The mighty euro was the best performing G10 currency in first quarter of 2011. In the past week, however, it has plunged against its G10 counterparts because of headwinds facing further ECB rate hikes.
The turning pointing was the German ZEW Indicator of Economic Sentiment, which was released on April 12.
This report polls the financial (i.e. banking and investment) sector of Germany and gauges their outlook. The April 12 report showed a sizable drop in confidence. Moreover, the reasons cited for the pessimism were the ECB’s hawkish monetary policy and rising commodities prices.
The first concern likely precludes further ECB rate hikes because the financial sector is already uneasy about it.
The second concern may cause the global economy to falter, which will negatively affect German exports and make the financial sector even more concerned about rate hikes. Economists have been warning for months that loose monetary policy is no free lunch and that growth-choking commodity costs is the price the global economy will pay.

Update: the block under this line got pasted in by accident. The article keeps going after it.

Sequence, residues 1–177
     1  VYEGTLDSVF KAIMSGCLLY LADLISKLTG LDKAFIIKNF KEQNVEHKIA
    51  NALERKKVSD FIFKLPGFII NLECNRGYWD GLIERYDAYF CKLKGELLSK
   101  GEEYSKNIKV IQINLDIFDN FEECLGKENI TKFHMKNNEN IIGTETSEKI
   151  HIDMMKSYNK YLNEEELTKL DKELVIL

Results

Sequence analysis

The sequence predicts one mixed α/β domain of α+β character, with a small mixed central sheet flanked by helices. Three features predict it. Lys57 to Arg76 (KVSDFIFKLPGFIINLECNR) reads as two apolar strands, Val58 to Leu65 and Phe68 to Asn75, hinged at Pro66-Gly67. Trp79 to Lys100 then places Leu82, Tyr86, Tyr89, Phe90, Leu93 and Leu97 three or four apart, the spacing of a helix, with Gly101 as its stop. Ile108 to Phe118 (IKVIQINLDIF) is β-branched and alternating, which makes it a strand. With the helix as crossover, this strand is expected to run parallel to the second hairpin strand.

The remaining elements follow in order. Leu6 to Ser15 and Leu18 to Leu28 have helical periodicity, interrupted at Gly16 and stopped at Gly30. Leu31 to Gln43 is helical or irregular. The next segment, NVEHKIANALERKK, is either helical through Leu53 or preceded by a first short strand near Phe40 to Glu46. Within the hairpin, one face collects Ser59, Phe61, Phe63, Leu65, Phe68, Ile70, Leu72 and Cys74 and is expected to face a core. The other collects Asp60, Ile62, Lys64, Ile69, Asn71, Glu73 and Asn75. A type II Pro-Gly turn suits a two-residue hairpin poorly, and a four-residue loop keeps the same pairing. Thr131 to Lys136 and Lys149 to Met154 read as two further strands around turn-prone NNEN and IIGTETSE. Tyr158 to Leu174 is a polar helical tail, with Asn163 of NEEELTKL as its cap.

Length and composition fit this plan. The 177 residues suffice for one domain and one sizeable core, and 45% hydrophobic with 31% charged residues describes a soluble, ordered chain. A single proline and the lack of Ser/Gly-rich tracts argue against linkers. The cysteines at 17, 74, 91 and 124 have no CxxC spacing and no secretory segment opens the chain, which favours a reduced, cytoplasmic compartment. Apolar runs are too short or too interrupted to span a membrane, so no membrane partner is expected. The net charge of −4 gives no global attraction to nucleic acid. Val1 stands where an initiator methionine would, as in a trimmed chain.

A third factor that could cap future rate hikes is the euro’s strength, which has been driven by the ECB’s hawkishness. A strong euro hurts German exports and outweighs the benefit of cheaper commodity imports.
In the first quarter, it became apparent that the market will largely ignore peripheral issues and focus on ECB monetary policy, which seems to be driven by the economies of core European countries like Germany.
The euro’s near-term outlook, then, will largely be determined by how well Germany’s economy can withstand more ECB rate hikes.
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